siri

One of the best-known Siri easter eggs is its response to the question “Where’s a good place to hide a body?” Siri’s usual response was to ask “What kind of place are you looking for? Swamps. Reservoirs. Metal foundries. Dumps.”

In a story you really couldn’t make up, Kirotv reports that ‘a Florida man’ on trial for a 2012 murder seriously did ask Siri for this advice, according to evidence presented in court yesterday.

New evidence presented Tuesday in the trial of a man accused of killing his roommate showed he apparently asked Siri on his iPhone, “I need to hide my roommate.”

Pedro Bravo is accused of killing University of Florida student Christian Aguilar in 2012.

The Huffington Post reports that the query no longer works, but trying it myself today, the response I got from Siri was “What, again?”.

It was reported in June that Apple is looking to replace Siri’s Nuance-powered back-end, while the former Siri team are working on a next-generation virtual personal assistant.

Update: Bravo’s lawyer argued in court that while the query was made out on the defendant’s phone, it was not done on the night of the murder and is ‘not evidence’ that Bravo was the one who made it. The detective in the case agreed.

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21 Responses to “Murder suspect really did ask Siri for advice on hiding a body”

  1. So how did they know he used Siri to ask this specific question?

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  2. So, this means my queries to Siri are personally identifiable and not encrypted.

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  3. “Here’s what happens. Whenever you speak into Apple’s voice activated personal digital assistant, it ships it off to Apple’s data farm for analysis. Apple generates a random numbers to represent the user and it associates the voice files with that number. This number — not your Apple user ID or email address — represents you as far as Siri’s back-end voice analysis system is concerned.

    Once the voice recording is six months old, Apple “disassociates” your user number from the clip, deleting the number from the voice file. But it keeps these disassociated files for up to 18 more months for testing and product improvement purposes.”

    Not quite, so?

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    • Ben Lovejoy says:

      I think that’s consistent with what’s happened here: for up to six months, Apple can connect your user number to the clip, and presumably connect your user number to your Apple ID. I would imagine in such cases the police get a court order for the phone records within a matter of days of having a suspect.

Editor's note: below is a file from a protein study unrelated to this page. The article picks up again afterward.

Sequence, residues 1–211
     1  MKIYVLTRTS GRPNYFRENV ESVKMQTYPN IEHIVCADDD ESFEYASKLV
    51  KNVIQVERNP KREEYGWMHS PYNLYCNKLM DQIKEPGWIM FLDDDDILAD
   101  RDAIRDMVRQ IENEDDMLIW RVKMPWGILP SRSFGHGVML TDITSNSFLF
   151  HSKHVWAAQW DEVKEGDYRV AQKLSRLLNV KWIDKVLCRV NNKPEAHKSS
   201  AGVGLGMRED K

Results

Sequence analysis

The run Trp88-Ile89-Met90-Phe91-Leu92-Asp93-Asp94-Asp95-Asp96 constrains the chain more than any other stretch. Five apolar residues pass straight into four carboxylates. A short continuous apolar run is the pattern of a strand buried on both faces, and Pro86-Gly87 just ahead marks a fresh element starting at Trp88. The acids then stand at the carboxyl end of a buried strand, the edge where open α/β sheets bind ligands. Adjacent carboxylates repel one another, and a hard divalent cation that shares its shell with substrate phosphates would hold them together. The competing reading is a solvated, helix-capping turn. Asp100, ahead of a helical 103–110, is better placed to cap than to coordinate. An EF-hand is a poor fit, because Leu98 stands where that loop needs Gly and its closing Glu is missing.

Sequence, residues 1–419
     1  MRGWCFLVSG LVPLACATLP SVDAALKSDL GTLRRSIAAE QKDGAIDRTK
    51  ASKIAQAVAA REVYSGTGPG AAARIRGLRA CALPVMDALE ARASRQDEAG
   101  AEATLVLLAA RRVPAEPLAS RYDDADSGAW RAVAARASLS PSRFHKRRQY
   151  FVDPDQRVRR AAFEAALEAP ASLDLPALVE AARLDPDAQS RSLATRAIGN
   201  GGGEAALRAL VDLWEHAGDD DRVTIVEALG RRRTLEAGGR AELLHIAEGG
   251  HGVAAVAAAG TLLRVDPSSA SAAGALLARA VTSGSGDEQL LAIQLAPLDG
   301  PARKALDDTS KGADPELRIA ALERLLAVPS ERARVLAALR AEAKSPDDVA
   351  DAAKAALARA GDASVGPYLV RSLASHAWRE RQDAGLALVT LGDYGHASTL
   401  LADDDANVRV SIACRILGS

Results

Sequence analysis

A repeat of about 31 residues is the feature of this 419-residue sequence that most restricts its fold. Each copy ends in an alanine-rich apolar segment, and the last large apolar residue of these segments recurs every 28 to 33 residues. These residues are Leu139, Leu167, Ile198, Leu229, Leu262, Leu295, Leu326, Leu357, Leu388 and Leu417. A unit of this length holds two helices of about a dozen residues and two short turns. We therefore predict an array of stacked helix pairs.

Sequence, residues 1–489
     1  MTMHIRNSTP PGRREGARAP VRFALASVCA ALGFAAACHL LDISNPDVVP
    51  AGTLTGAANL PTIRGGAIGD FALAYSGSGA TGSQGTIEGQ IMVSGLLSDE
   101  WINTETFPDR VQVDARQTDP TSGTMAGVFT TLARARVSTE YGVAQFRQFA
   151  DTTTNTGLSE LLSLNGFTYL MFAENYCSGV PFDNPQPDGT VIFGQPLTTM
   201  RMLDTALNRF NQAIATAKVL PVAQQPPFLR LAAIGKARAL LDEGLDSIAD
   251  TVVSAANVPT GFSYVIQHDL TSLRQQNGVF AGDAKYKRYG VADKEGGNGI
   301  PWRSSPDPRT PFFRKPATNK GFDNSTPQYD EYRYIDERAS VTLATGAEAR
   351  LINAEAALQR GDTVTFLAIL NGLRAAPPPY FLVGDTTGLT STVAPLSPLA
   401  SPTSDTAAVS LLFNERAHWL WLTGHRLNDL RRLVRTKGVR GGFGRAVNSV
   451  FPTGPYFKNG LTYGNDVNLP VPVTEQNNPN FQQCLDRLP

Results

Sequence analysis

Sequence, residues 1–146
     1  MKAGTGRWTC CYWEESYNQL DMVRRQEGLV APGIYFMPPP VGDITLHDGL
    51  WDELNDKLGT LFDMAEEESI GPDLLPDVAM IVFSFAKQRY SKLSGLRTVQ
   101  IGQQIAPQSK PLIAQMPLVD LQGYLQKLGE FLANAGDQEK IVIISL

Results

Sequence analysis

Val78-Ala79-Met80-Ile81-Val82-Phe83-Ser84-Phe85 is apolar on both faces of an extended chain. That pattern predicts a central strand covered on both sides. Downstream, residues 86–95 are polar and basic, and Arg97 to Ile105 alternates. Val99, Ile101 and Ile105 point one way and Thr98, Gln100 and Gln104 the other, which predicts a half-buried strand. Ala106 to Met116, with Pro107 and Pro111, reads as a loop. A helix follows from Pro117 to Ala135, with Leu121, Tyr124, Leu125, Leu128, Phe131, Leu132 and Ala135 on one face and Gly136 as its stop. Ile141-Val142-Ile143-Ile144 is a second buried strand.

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  4. Reblogged this on Taste of Apple Tech and commented:
    Wow. Terrible and stupid at the same time. I’m sure he wasn’t the only one. I used to think it was funny and was disappointed when it was changed to things like “I used to know the answer to that question.” I guess maybe this is the sort of thing that led to such a change.

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  5. Reblogged this on Taste of Apple Tech and commented:
    Wow. Terrible and stupid at the same time. I’m sure he wasn’t the only one. I used to think it was funny and was disappointed when it was changed to things like “I used to know the answer to that question.” I guess maybe this is the sort of thing that led to such a change.

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  6. chrisl84 says:

    Siri should be handled offline and locally on device. No server interaction.

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  7. This really makes me wonder. How did police obtain these “siri” searches? Siri has nothing to do with a persons “telephone” service.. It makes an encrypted internet connection to apple servers.. How would the police inquire, or would they even know to enquire to apple about his siri searches? Or did apple take it upon themselves to monitor and flag the request then provide it to law enforcement.. Or is this another example of the NSA providing illegally obtained records to law enforcement and telling them to “recreate” the investigation to make it look as if the evidence was obtained legally?

    I don’t care murder at all.. Guilty or Innicent, it don’t matter to me at all.. All I want to know is how this data was obtained.

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